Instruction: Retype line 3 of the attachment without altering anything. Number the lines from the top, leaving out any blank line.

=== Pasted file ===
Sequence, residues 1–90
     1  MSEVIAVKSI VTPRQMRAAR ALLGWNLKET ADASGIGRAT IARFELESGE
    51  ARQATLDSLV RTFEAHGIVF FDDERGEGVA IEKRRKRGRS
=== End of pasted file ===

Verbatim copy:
    51  ARQATLDSLV RTFEAHGIVF FDDERGEGVA IEKRRKRGRS